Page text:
Birmingham, 35 Miles - James Braziel

*** A superb demonstration of the author’s writing skills ... but nothing more than that

This is a sad story, without hope, between dream and madness, made of continuous leaps forward and backward in time by the protagonist, who is the narrator.
Surely this is a superb demonstration of creative writing by James Braziel, who happens to teach this subject at university.
But beyond that there isn’t much more to say.
I could understand if all this drama, this sadness, and madness had been used to see through the eyes of a character in a realistic situation, which could happen in a real context. The creative effort would be worthy, although I would have avoided the book completely, because when I read I want to enjoy myself, not get depressed.
But this is about an absolutely unlikely post-apocalyptic future, in short, drama and sadness for its own sake, in order to depress the reader, quite the opposite of what it seems from the synopsis on the back cover (I’m referring to the Italian edition that I’ve read) which is deliberately misleading (just to sell the book or maybe who wrote it didn’t even read the book).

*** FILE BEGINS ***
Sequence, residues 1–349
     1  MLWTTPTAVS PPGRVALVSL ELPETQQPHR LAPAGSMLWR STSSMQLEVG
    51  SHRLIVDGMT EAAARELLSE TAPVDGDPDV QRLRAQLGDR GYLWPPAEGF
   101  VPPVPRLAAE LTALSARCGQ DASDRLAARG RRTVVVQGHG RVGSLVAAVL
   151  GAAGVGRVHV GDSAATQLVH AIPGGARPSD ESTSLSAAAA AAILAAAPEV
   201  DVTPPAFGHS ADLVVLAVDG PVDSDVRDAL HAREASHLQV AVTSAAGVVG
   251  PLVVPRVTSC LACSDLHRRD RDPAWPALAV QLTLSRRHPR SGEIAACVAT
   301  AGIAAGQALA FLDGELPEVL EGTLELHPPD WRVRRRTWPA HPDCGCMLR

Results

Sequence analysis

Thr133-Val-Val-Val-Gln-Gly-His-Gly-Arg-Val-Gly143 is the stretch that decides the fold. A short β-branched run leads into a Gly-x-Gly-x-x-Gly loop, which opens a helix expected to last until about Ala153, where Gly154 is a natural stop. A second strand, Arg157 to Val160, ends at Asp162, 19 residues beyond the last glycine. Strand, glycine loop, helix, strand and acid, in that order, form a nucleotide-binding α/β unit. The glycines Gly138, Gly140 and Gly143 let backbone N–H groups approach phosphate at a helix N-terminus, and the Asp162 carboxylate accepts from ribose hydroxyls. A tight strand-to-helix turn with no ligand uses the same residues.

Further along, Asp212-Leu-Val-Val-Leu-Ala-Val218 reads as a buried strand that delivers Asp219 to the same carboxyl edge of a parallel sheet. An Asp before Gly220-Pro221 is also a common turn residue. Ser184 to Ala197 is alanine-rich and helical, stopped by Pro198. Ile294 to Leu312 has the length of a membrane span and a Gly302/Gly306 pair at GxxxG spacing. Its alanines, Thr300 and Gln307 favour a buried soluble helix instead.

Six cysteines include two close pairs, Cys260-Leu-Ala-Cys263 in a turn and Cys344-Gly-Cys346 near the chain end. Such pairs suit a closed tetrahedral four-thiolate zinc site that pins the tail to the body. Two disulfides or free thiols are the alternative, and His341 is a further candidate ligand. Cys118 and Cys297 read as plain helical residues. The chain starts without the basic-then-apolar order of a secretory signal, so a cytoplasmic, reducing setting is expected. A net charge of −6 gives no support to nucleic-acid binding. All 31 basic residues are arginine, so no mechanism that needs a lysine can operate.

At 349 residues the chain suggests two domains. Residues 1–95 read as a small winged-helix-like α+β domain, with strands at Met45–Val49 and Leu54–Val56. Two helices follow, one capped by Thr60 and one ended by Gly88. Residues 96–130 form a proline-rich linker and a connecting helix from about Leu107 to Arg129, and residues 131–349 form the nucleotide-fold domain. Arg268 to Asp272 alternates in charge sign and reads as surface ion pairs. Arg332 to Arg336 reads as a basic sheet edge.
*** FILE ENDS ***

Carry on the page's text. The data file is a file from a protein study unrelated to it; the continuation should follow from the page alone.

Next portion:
In reading this novel by Braziel you have the feeling more than anything else that this is a sort of long sad prologue to the proper story, but there’s no other story.
Maybe it is in the following book, “Snakeskin Road”, published a year after and that follows the story of the wife of the protagonist?
I don’t know if I want to take risks and read this book as well.
On the positive side, however, the novel is quite short. Ultimately the author isn’t verbose and tells masterfully the backstory of the protagonist, which led him until the epilogue, in part already predicted by the beginning.
The reading goes on smoothly and the novel is compelling, I cannot deny this, but when I decide to read a science fiction novel I expect something different.

Birmingham, 35 Miles on Amazon.